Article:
Georg Hager's Blog

Random thoughts on High Performance Computing


IMB multi-mode Ping-Pong demystified?

IMB multi-mode Ping-Pong demystified?
Everybody knows the ubiquitous PingPong benchmark, first published in the Pallas MPI benchmarks and today contained in Intels IMB suite. Using one process on each node and plotting bandwidth versus message size, you see the well-known behaviour – saturating bandwidth for large messages and latency domination for small ones (blue curve – measurements were done on our Woody cluster between nodes that are connected to a common IB switch nodeboard, i.e. with DDR speed):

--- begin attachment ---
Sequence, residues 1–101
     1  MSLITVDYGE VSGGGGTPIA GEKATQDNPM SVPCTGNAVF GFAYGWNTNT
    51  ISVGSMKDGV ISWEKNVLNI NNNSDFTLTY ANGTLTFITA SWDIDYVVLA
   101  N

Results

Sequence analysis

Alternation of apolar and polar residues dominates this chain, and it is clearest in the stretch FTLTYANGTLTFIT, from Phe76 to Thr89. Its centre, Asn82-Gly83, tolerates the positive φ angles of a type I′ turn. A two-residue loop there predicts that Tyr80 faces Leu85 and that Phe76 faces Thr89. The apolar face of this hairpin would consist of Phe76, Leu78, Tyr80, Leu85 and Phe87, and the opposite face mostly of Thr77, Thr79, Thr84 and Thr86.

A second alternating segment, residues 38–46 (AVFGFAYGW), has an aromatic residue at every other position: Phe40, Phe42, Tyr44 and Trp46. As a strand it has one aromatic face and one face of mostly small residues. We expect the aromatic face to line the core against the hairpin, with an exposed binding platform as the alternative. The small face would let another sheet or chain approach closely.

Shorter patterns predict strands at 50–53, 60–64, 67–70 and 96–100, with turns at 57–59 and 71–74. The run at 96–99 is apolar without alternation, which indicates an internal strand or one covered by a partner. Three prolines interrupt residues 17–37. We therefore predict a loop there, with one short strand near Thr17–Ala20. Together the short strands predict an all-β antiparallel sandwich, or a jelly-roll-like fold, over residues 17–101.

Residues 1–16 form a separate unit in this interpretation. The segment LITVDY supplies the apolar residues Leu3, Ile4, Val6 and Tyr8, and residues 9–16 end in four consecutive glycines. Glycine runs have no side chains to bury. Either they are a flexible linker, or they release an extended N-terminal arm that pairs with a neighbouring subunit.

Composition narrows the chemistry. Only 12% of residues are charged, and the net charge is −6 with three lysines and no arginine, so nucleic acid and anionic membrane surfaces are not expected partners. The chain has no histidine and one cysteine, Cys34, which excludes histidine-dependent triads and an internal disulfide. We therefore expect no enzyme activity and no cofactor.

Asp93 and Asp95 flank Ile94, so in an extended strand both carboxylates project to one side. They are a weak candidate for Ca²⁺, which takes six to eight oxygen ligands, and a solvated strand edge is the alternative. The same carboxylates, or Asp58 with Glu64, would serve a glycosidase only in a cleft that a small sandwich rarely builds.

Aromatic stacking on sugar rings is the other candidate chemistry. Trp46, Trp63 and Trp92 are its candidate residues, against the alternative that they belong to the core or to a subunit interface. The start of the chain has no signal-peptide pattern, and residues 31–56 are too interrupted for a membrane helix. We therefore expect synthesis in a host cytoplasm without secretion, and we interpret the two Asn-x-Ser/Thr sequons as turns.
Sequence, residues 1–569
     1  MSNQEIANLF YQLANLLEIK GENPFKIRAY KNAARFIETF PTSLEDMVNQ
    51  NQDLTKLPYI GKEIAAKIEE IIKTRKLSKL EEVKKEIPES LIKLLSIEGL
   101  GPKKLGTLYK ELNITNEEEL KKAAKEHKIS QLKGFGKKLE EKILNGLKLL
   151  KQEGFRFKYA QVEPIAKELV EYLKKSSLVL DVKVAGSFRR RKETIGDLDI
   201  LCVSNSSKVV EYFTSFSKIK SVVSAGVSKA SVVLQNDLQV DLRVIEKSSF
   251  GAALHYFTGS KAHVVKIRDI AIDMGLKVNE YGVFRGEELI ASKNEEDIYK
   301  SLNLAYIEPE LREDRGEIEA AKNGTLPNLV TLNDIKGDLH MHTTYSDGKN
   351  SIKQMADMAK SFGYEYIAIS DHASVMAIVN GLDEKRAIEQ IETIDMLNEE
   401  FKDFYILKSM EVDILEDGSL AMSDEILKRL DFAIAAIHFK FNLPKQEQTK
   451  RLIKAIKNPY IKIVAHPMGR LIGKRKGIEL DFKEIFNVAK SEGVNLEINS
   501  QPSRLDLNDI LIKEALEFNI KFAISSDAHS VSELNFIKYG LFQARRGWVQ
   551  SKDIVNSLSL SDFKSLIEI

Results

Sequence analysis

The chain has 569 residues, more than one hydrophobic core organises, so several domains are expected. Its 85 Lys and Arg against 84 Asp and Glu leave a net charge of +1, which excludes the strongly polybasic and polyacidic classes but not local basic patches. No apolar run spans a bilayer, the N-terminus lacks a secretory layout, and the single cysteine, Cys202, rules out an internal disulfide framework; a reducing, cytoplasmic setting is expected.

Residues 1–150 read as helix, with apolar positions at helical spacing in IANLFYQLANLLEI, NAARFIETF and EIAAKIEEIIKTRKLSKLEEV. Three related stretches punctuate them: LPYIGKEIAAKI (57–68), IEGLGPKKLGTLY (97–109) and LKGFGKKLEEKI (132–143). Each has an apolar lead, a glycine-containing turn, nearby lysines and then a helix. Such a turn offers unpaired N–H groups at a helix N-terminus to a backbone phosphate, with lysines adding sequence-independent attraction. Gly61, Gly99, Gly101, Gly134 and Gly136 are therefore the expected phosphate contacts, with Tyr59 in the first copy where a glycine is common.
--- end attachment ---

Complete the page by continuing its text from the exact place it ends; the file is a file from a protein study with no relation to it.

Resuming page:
If you run this code in multi-mode, i.e. two or more processes on one node sending and two or more on the other node receiving, the bandwidth pattern changes considerably (black squares). There is a significant “overshoot” for medium-sized messages and a sudden drop at about 1 MByte. Eventually the saturation bandwidth is the same as in the simple case.

It turns out that one can explain this, at least for the 2-2 case, by assuming that MPI (or the IB driver or whoever) splits messages that are larger that a certain limit (e.g., 1 MByte) into chunks and transmits/receives those chunks alternating between the two connections. Using this model and fitting the parameters we can predict the multi-mode Ping-Pong bandwidth quite well (orange curve). In the 3-3 case, however, things get more complicated (green curve) and there is an additional plateau. I’m not sure whether one can really extend the model to encompass this effect as well.

If you are interested, the gory details have been written up: mm-pingpong.pdf